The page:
EZ-D Open To Hack Attacks?
23 May, 2003
By: Holly J. Wagner
Rippers and hackers are already busy figuring out ways to defeat the “standard” copy protection mechanisms that Buena Vista Home Entertainment president Robert Chapek said will safeguard the content during the 48-hour usability window.
Suggestions, culled from online discussion boards, range from the clever to the ridiculous: “I wanna play with one. Blast air on it and stick it in rubbing alcohol and microwave it. I've never done that to a red disc.”
“Just rip it to your hard disk if you want more time to play it. If you like it enough you could then just copy it to a DVD recordable. Could be a cheap way to get copies and have a nice case for your copy.”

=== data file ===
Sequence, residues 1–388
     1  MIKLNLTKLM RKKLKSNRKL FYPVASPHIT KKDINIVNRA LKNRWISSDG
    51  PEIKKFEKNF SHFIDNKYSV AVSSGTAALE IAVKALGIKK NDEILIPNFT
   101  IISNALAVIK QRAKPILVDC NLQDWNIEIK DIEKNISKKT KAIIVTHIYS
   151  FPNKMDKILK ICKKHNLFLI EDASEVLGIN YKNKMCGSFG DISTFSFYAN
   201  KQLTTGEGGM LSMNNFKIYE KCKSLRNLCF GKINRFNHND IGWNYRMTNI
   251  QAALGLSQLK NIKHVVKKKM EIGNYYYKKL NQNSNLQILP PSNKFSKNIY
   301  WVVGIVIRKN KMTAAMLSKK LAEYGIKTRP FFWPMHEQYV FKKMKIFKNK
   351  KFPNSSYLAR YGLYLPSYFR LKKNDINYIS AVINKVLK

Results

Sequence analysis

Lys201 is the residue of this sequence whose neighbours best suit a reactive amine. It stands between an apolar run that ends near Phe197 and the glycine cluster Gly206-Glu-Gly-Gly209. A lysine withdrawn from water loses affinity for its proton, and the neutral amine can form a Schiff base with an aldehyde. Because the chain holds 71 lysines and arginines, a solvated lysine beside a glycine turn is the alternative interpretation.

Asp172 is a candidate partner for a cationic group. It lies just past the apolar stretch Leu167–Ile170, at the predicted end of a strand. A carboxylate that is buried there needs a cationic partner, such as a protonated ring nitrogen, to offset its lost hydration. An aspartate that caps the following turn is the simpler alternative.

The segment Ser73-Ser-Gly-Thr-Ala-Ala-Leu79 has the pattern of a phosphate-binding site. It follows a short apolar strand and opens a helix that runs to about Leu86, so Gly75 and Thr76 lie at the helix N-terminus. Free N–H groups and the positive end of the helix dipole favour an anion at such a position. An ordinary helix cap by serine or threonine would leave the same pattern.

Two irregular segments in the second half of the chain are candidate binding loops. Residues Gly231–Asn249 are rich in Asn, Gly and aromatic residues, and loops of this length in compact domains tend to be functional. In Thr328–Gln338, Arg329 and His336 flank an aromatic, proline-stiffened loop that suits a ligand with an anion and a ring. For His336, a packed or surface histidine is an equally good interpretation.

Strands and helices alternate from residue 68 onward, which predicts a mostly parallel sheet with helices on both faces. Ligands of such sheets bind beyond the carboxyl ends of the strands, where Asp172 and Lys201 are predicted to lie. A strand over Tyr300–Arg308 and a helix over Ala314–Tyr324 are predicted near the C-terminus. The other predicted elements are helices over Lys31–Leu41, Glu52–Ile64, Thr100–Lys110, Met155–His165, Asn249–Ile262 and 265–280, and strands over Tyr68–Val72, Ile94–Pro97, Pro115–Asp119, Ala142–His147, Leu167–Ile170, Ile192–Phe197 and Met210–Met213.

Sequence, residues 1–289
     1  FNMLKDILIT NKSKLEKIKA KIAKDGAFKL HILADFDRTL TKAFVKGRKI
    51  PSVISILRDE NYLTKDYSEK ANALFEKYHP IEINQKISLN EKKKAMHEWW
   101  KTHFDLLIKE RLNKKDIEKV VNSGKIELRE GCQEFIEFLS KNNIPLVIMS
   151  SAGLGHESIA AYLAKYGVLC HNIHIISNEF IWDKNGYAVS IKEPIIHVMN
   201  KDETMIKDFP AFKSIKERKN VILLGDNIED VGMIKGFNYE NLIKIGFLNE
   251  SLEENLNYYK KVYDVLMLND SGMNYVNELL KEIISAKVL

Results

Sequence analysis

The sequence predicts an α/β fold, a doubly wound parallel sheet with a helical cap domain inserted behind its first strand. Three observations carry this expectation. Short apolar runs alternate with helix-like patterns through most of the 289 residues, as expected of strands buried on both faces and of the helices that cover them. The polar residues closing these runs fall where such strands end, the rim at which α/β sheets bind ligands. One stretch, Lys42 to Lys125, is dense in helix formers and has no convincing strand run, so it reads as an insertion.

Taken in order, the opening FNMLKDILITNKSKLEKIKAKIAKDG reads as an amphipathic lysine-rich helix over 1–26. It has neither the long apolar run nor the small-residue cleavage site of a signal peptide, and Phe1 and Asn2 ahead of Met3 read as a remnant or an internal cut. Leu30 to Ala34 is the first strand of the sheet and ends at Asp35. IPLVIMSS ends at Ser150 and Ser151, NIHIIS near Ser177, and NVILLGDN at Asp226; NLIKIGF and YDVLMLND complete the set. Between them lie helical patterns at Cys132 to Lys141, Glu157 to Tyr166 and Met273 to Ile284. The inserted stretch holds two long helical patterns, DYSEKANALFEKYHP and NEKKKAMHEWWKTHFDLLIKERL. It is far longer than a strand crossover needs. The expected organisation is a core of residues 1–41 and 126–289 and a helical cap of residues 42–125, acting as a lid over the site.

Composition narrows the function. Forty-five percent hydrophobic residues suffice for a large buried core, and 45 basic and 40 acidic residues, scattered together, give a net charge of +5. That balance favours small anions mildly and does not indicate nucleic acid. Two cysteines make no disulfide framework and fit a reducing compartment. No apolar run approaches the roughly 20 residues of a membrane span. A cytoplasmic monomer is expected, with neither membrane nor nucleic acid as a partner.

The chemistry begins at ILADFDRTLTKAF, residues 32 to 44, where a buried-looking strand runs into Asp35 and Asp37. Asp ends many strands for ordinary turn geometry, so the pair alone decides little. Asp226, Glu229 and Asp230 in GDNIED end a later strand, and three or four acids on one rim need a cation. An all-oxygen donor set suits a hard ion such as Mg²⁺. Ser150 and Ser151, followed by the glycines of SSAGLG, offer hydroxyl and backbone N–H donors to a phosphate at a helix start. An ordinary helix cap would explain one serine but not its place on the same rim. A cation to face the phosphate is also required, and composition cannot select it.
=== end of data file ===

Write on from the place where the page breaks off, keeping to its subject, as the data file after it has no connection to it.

“If it can be viewed once it can be copied and posted on the net.”
“You can put it in a Ziploc with the air machine installed to it to suck the air out.”
“Spraying it w/lacquer may slow or stop the oxidation, and opening it in a nitrogen box (and then coating it) would insure it never came in contact with oxygen to begin with.”
“Another way to store these is to use a glass mason jar big enough to hold a stack of DVDs. Put a water glass inside the mason jar to the side of where the DVDs go. Light up a swab of cotton with a touch of rubbing alcohol and drop it into the water glass before you close the lid. The burning alcohol quickly consumes the oxygen creating a partial vacuum and releasing very little heat. Later when you have time, burn backups. Should extend the time limit to months at least.”
“All it would take is an inert chemical that could be applied to the surface of the DVD to thwart the whole system and keep the chemical process from taking place.”
“Oxygen affects it, eh? OK, I'll get to work on becoming an astronaut, we can watch the movie endlessly in space. Anyone want to tag along?.”